[Attentive readers will perhaps recall that I have from time to time, since NYMary first gave me the metaphorical spare set of keys to this here blog, reprinted various pieces I originally wrote for the Magazine Formerly Known as Stereo Review. If truth be told, however, I've done it less often than I originally anticipated, mostly because a lot of my old stuff -- especially from the '70s -- kind of creeps me out for various reasons (god, I could be an annoyingly opinionated blowhard back then -- as opposed to now, hah!) but also because to a large degree the pieces are simply dated. Also, I really hate transcribing the damn things.
That said, I chanced across this column...from the February 1977 issue...
...and upon re-reading it I decided it wasn't totally embarrassing and decided to share. I've done a little rewriting to eliminate a couple of really egregious dumb pronouncements, but by and large this is how it appeared back in the day. I should add that the photo of Graham Parker is the very same one that ran with the essay originally; god bless the intertubes for the picture's easy accessibility. I should also add that I do not stand by my assessment of the George Harrison song in question, although in my defense, I was prematurely correct about George's ultimate artistic renaissance. In any event, enjoy if possible. -- S.S.]
It's a strange time right now for pop music. Oh, sure lots of interesting things have been going on -- the remarkable return of Brian Wilson, the Led Zeppelin film, the second (and I hope the last) Rock Awards TV show, and punk-rock festivals in (where else?) France -- but it's a hard to get a fix on what it all means. A new sensibility seems to be emerging out of the ashes of the slowly sickening Seventies, but there's a vagueness about it, a tentative slippery kind of feeling that resists analysis. For myself, I find that most of the records I'm listening to now are retrospectives of one kind or another -- the Faces Snakes and Ladders, a lovely memorial to a band that never really got it together the way the could have; Leo Kottke's 1971-1976; even the latest reissue of Phil Spector's sublime Christmas album -- and that's got me muddled even more. So rather than try to make sense of all of this, I'm cribbing an idea from Simon Frith, who cribbed it from Charlie Gillet, who cribbed it from god-knows-who. Here is this month's Big Six.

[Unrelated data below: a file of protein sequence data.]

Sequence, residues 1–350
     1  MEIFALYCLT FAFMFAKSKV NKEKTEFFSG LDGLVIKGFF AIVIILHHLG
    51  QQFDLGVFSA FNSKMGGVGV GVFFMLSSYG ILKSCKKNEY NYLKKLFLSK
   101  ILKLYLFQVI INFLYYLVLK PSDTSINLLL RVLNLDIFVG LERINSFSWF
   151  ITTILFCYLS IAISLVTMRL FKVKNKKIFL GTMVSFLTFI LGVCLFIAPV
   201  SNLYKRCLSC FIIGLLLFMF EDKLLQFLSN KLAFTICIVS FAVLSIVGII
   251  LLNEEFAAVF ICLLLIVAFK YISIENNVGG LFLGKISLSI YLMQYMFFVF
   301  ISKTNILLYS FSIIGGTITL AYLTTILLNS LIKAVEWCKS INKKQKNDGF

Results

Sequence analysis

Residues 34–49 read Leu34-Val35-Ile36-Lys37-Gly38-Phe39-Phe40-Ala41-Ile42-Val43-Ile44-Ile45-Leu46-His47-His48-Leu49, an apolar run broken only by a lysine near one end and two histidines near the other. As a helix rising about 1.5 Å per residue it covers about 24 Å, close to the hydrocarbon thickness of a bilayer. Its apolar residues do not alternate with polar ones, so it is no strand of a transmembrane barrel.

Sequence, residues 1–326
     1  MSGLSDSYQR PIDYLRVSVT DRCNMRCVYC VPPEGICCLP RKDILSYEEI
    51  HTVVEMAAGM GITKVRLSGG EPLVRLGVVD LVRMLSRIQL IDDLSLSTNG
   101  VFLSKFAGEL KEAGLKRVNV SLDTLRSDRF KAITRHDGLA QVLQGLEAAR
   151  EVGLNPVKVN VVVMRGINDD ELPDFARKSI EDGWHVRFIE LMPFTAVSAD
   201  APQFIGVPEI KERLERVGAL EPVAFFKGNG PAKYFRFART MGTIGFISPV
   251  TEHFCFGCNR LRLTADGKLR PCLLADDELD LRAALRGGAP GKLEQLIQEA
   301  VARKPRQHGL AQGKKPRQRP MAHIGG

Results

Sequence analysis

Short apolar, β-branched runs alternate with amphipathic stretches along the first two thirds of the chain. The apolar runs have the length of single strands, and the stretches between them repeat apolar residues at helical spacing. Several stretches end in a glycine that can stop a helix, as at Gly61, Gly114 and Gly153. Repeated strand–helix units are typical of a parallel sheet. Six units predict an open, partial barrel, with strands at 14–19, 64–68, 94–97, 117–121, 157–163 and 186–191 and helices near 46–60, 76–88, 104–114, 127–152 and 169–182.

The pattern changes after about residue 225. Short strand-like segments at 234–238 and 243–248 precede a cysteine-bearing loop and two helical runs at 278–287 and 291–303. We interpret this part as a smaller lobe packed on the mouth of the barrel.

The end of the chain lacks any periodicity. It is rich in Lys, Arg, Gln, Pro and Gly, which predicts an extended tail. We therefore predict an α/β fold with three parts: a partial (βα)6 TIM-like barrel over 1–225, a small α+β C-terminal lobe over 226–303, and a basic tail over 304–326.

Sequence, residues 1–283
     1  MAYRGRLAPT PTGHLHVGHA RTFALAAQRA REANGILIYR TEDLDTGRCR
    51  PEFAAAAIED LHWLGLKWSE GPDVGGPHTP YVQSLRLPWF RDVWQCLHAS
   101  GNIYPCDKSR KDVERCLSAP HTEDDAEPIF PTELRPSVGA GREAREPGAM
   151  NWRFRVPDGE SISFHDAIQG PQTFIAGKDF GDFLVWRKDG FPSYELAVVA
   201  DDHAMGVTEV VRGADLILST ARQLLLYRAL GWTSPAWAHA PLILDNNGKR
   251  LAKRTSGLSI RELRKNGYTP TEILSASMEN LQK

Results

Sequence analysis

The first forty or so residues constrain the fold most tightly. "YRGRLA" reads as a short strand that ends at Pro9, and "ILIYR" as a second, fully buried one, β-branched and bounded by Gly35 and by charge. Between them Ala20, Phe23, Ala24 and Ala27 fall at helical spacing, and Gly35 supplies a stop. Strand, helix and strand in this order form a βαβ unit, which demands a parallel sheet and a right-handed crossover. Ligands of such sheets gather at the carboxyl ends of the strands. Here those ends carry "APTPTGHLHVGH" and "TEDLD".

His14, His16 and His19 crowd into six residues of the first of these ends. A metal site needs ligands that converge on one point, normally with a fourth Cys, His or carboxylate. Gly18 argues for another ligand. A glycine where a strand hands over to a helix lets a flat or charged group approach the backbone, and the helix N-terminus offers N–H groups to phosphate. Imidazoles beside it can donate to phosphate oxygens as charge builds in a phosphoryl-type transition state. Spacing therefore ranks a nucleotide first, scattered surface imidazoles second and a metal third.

1. Patti Smith Group: Radio Ethiopia
Before Patti's new album came out, I was fortunate enough to stumble across an excellent live bootleg featuring some of her new songs, as well as to catch an unannounced low-profile gig she did at a bar in SoHo, and I think I've finally figured out why she gets to me: As knowingly as she comes on, she really is an innocent. It doesn't matter that most of the criticisms that have been leveled at here are true. Sure, her singing is fairly limited, her band isn't virtuoso, her poetry is at times laughably overripe -- but she's still open enough to fit Smokey Robinson and Dolly Parton in there among the fever dreams. Radio Ethiopia, different as it is from Horses, has just as many problems, but she's getting closer to whatever it is she's chasing, and for the moment at least the ride she's taking us on is the most exhilirating one in rock.
2. George Harrison: "This Song" (from 33&1/3)
That little old cringe-maker is back, but with a difference. Not only has he shaved his beard and started eating meat again, he seems to have regained both his sense of humor and his songwriting chops. I have not yet heard the whole album, so I will have to restrain my enthusiasm, but on the basis of the single -- inspired by his recent loss in court, it's his first rocker in ages and works both as a novelty tune and a love song -- George may finally be able to demonstrate that his work with the Beatles was not the fluke the intervening years have indicated it might be.